Emma: Bears’ D Motivated, Embarrassed By 2013
By Chris Emma-
LAKE FOREST, Ill. (CBS) – Toughness — or a lack thereof — was a theme for the Bears’ three-day minicamp that wrapped up Thursday. It’s the essential improvement needed for a defense that in 2013 set records for futility in the franchise’s long history.
Bears coach Marc Trestman harped on toughness to the press after Wednesday’s practice at Halas Hall. Cornerback Tim Jennings was in full agreement, speaking out on Thursday.
“We weren’t tough at all,” Jennings said. “We couldn’t stop anybody. Running backs we had never heard of were rushing for over 100 yards. That’s not toughness at all. We take (Trestman’s comments) as the truth. We take it as a slap in the face.”
A revamped unit will alter this issue, the Bears hope. Veterans like Jared Allen, Lamarr Houston, Willie Young and Israel Idonije were brought in to shore up a defensive line that struggled to generate any pressure. In the secondary, where the Bears’ defense often broke down, rookies Kyle Fuller and Brock Vereen and free-agent signings M.D. Jennings and Ryan Mundy were brought in with a core of Charles Tillman and Jennings.
In order to establish the Bears’ past with the present, Trestman brought in team greats to speak with the players.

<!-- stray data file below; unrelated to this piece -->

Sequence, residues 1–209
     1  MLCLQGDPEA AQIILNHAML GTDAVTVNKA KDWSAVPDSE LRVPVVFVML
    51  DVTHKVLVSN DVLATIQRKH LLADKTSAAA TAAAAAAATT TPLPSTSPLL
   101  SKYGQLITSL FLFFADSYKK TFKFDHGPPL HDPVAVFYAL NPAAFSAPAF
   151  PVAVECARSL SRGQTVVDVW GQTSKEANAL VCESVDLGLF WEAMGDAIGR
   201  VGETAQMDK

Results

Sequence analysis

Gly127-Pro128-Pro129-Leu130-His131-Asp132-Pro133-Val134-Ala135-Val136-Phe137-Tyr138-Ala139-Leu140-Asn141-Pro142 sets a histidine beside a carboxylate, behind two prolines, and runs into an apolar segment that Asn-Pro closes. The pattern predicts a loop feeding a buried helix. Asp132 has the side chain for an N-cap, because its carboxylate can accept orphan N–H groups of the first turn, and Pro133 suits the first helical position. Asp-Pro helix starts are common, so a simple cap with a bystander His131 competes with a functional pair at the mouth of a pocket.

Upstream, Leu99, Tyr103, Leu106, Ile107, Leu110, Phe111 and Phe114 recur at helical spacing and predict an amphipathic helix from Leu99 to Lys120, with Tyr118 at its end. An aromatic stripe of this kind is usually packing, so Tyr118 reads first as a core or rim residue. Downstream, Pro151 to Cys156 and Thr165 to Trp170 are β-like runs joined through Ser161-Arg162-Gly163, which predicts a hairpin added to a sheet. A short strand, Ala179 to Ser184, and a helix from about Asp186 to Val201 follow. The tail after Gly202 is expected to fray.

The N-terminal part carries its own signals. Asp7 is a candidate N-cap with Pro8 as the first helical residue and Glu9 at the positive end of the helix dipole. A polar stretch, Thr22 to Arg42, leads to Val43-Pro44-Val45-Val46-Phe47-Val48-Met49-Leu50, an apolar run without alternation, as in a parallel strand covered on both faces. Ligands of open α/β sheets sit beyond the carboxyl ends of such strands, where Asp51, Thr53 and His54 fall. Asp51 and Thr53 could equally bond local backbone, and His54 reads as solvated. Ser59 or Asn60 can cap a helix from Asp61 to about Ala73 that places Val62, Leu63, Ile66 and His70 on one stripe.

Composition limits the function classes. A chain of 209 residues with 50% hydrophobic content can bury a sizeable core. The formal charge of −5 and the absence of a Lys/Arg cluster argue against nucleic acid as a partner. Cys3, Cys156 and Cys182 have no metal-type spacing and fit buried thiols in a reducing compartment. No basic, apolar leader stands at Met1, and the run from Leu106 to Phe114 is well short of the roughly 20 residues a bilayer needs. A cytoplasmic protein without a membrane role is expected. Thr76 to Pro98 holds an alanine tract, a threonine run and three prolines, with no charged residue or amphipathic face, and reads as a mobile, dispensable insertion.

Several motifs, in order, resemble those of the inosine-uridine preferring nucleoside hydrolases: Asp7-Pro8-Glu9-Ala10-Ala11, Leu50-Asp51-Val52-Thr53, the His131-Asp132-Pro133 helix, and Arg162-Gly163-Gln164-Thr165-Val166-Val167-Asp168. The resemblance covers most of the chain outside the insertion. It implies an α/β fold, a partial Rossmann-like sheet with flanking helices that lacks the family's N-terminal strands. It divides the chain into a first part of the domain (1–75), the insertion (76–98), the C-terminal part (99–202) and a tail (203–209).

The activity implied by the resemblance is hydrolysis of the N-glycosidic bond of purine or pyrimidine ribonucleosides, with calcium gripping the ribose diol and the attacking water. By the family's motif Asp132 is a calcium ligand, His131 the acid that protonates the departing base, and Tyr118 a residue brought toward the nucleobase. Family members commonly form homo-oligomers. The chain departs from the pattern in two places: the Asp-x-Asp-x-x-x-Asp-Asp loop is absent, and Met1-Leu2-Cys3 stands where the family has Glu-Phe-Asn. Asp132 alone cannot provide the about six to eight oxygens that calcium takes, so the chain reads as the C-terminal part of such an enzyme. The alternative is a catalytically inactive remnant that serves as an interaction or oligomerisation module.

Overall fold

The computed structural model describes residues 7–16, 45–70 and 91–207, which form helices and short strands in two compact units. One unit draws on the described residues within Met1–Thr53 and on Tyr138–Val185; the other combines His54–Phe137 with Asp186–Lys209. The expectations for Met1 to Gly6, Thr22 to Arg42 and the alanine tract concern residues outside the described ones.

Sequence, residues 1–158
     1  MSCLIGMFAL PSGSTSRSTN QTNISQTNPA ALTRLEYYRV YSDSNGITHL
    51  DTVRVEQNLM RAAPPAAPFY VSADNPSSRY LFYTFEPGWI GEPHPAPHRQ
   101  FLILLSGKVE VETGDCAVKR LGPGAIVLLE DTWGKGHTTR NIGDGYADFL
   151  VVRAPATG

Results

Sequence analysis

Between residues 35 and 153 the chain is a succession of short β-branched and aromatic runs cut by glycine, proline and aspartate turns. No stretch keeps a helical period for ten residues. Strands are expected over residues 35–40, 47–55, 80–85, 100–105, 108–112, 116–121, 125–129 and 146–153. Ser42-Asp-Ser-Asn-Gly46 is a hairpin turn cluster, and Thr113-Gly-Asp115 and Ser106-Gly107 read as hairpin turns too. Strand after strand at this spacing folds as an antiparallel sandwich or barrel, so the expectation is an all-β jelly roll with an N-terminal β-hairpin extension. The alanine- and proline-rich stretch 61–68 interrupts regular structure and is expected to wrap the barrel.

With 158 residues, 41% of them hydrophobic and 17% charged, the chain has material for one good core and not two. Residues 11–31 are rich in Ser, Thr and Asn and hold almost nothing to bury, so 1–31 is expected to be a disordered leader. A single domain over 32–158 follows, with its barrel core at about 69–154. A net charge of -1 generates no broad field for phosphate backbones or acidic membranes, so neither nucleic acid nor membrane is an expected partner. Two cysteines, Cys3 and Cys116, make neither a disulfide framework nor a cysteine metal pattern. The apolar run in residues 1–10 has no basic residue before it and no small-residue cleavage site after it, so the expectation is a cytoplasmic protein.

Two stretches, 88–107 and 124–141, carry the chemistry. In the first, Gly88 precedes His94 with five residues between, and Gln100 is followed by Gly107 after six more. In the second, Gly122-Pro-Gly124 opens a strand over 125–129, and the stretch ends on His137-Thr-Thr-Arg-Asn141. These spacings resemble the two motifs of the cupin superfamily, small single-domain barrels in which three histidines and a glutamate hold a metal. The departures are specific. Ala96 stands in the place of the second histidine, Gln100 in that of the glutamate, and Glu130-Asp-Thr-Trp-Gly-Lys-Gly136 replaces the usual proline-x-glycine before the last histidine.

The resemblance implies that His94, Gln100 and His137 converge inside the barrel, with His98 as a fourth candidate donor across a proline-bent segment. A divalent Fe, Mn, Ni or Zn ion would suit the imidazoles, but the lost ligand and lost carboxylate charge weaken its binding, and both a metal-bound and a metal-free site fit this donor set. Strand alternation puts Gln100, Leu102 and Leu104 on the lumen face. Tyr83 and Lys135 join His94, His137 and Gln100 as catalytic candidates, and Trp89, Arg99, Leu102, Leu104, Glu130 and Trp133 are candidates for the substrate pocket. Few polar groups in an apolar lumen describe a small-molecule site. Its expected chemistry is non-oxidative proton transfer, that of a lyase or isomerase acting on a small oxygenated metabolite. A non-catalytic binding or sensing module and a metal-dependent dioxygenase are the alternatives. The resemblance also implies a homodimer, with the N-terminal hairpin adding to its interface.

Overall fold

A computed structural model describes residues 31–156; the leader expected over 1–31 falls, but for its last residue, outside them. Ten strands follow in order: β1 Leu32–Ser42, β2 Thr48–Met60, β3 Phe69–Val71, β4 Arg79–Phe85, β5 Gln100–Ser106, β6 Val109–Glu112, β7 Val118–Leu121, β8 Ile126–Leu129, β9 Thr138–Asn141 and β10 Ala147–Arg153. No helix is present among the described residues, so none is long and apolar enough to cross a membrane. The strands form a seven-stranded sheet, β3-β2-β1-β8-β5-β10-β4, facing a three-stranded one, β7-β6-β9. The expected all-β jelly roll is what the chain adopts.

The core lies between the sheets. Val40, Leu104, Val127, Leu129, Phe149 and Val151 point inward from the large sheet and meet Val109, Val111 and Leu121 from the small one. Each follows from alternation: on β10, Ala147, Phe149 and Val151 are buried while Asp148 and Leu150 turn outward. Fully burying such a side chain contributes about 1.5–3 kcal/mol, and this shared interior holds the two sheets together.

“There’s a way to play football in Chicago — that’s being tough and physical,” Trestman said.
It’s something that resonated with the Bears. Trestman can only hope the difference is seen on Sundays in the fall.
Vereen fitting right in
Rookie safety Vereen is just thrilled to be a Chicago Bear. It’s the kind of opportunity any football player would dream of. The former Minnesota standout is getting his chance.
“It still hasn’t fully hit me,” Vereen said. “I’m still trying to show that I can be a contributing factor to the team.”
However, Vereen has taken it further than that. Just a rookie in his first full mini-camp, he’s getting significant reps with the Bears’ first-team defense.
It’s just practice reps in June, with the team wearing shorts and shirts, no pads, but Trestman suggests it’s something significant.